UK: ECJ Blues (and Yellows): A Recent Decision on Combinations of Colours per se

Last Updated: 9 February 2005
Article by David Stone

A decision of the European Court of Justice (ECJ) on 24 June 2004 confirms the registerability as trade marks of combinations of colours per se. Brand owners may wish to review their portfolio to ensure they are fully taking advantage of trade mark protection for colours.

For many years, traders have used colours or combinations of colours to distinguish their goods and services from those of other traders. Think of the distinctive blue used by jewellery retailer Tiffany - sight of that distinctive blue box instantly conveys the source of the excitement inside. Colours can be evocative and memorable at a deep sensory level - fine attributes for a trade mark.

Since the European Union’s trade marks Directive of 1988, European trade mark registries and courts have struggled to define the circumstances in which colours will be allowed registration as trade marks. The ECJ’s 2003 decision in Libertel answered many of the issues in relation to single colour marks per se, confirming that such marks are registerable in limited circumstances.

The European Union’s trade mark registry, OHIM, has allowed registration of a number of combinations of two or more colours.

In light of the ECJ’s recent decision in Heidelberger Bauchemie GmbH (ECJ, Case C- 49/02, 24 June 2004), it is likely that none of these registrations remains valid, because the ECJ has significantly raised the hurdle for registration of colours per se.

THE CASE BEFORE THE ECJ German company Heidelberger applied to the German Patent Office for trade mark registration of the colours blue and yellow - "the applicant’s corporate colours which are used in every conceivable form, in particular on packaging and labels".

Appropriate international colour chart references were given in the application. Registration was sought in relation to a range of building supplies.

The German Patent Office rejected the application on the grounds of lack of distinctive character. Heidelberger appealed to the Bundespatentgericht, which referred two questions to the ECJ, asking, in short, whether combinations of colours per se are registerable as trade marks, and, if so, in what circumstances.

THE ECJ’S DECISION The ECJ’s analysis started with a three-step test for registerability for combinations of colours per se:

1. the combination of colours per se must be a sign;

2. the sign must be capable of being represented graphically; and

3. the sign must be capable of distinguishing the goods or services of one undert aking from those of other undertakings.

The first two issues had been dealt with by the ECJ in Libertel and its 2002 decision on smell trade marks, Sieckmann. Building on the Sieckmann requirement that the graphical representation of a trade mark be "precise and durable" in order to enable other traders to know the extent of the registrant’s rights, the ECJ in Heidelberger held that a graphic representation consisting of two or more colours "must be systematically arranged by associating the colours concerned in a predetermined and uniform way". Specifically, the ECJ rejected Heidelberger’s claim to use blue and yellow "in every conceivable form": this would not provide the "precision and uniformity" required by other traders.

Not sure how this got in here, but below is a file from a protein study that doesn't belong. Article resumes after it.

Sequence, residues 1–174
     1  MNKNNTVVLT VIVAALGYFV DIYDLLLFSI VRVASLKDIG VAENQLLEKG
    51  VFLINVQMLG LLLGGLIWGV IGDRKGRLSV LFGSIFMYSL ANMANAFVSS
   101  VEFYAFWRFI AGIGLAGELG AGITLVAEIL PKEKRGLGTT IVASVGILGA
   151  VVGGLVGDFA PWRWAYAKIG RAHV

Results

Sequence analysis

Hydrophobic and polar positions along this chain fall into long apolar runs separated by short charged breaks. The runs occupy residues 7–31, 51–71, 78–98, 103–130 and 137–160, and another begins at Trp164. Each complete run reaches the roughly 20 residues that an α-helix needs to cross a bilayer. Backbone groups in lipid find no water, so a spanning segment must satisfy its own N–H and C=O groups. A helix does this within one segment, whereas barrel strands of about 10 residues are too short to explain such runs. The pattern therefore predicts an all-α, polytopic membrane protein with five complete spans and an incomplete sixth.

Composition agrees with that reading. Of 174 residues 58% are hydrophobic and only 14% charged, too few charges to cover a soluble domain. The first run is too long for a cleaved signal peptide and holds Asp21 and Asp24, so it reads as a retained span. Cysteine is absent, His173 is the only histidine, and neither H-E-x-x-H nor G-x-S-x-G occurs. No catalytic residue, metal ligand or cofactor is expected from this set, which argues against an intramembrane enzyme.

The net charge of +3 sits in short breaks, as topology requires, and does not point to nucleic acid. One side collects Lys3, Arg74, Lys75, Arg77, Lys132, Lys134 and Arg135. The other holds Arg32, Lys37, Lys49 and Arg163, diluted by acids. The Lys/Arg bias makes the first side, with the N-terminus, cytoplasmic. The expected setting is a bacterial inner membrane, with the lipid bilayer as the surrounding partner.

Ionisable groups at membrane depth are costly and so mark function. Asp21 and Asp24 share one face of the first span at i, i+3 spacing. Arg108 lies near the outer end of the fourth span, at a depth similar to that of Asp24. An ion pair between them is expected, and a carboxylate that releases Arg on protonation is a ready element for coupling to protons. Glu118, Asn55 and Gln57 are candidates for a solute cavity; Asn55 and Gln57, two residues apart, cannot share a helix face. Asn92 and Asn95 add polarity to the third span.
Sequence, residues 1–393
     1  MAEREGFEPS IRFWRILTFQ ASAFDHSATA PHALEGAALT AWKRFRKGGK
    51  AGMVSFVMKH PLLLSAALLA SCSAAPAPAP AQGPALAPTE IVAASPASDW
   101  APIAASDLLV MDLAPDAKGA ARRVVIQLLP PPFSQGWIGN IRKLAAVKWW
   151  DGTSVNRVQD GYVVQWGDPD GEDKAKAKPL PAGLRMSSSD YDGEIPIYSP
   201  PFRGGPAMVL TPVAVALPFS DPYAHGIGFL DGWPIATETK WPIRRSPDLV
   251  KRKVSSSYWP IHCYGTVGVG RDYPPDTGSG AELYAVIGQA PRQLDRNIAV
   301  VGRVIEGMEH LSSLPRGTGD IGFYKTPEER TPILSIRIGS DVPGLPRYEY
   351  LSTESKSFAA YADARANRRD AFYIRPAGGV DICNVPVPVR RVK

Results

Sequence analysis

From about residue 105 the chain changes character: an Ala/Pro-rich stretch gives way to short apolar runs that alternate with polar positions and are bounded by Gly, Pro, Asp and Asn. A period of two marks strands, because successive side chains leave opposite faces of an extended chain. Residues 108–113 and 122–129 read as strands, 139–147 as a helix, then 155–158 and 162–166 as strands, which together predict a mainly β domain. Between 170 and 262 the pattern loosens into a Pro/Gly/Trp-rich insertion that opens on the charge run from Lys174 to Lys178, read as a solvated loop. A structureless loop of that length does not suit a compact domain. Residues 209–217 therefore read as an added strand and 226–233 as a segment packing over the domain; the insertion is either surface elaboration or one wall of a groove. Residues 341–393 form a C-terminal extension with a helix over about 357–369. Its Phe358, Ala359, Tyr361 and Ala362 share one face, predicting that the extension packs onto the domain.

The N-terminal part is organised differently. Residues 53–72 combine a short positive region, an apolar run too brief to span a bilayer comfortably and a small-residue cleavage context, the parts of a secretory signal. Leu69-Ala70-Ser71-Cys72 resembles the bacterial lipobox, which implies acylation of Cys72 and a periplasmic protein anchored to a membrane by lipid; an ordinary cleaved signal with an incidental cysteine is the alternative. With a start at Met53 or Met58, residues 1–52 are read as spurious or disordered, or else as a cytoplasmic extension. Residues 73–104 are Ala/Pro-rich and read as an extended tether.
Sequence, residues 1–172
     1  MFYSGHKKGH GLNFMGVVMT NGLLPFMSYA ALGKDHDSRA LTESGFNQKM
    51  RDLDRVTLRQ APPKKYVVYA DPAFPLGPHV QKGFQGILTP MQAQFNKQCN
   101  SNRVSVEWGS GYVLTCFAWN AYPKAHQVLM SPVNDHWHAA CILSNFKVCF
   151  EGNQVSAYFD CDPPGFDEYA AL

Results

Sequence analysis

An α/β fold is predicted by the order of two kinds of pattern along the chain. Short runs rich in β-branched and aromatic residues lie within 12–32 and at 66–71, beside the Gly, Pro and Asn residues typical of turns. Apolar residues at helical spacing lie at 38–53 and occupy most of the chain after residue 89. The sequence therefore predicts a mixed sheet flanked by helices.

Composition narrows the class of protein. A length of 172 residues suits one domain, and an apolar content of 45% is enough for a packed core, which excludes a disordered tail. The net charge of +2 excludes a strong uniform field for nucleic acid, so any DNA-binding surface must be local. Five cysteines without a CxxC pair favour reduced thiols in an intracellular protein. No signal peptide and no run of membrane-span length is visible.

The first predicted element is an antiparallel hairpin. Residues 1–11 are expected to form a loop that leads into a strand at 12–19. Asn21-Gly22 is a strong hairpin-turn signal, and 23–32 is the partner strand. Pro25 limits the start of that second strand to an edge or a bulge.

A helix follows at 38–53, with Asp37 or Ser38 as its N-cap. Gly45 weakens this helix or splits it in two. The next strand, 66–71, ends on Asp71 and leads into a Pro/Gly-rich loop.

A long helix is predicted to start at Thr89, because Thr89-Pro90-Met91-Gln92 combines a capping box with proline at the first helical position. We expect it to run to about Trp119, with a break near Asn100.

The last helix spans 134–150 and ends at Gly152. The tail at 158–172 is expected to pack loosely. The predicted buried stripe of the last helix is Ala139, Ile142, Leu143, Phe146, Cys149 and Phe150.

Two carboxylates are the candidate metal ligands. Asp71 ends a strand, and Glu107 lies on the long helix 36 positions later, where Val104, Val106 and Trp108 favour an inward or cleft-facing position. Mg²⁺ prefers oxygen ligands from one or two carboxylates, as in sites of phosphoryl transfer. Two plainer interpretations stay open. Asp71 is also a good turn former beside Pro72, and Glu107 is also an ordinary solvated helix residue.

In relation to the third test, the ECJ again relied on Libertel, holding that "save in exceptional cases, colours do not initially have a distinctive character, but may be capable of acquiring such character as the result of the use made of them in relation to the goods or services claimed". In short, the ECJ required that applications for registration of a combination of colours per se be backed up by proof of acquired distinctiveness. This is the United States position, where proof of secondary meaning is required prior to registration of a colour.

COMBINATIONS OF COLOURS ARE NOW MORE DIFFICULT TO REGISTER Counter-intuitively, a combination of colours, which might be thought to be more distinctive than one colour on its own, is now more difficult to register than a single colour. The ECJ has decided that an application for a combination of colours must include a "systematic arrangement associating the colours concerned in a predetermined and uniform way", a requirement not laid down for single colour marks.

The ECJ has not backed the Advocate-General’s opinion by requiring an applicant for a combination of colours per se trade mark to specify how those colours appear on packaging, buildings, staff uniforms etc, although this is likely to be the practical outcome of the decision in many cases.

COMMENT Heidelberger confirms that combinations of colours per se are registerable as trade marks within the European Union. But in setting a new requirement for a "systematic arrangement", the ECJ has provided no guidance on what that might entail. Further decisions will hopefully clarify this issue and provide some consistency across the European Union, including to assist registries in their examination of applications. What remains more important, however, is how broadly these registrations will be interpreted. This will depend on how aggressively trade marks for combinations of colours per se are enforced by their owners, and the scope given to the registrations by Europe’s courts and tribunals.

The content of this article is intended to provide a general guide to the subject matter. Specialist advice should be sought about your specific circumstances.

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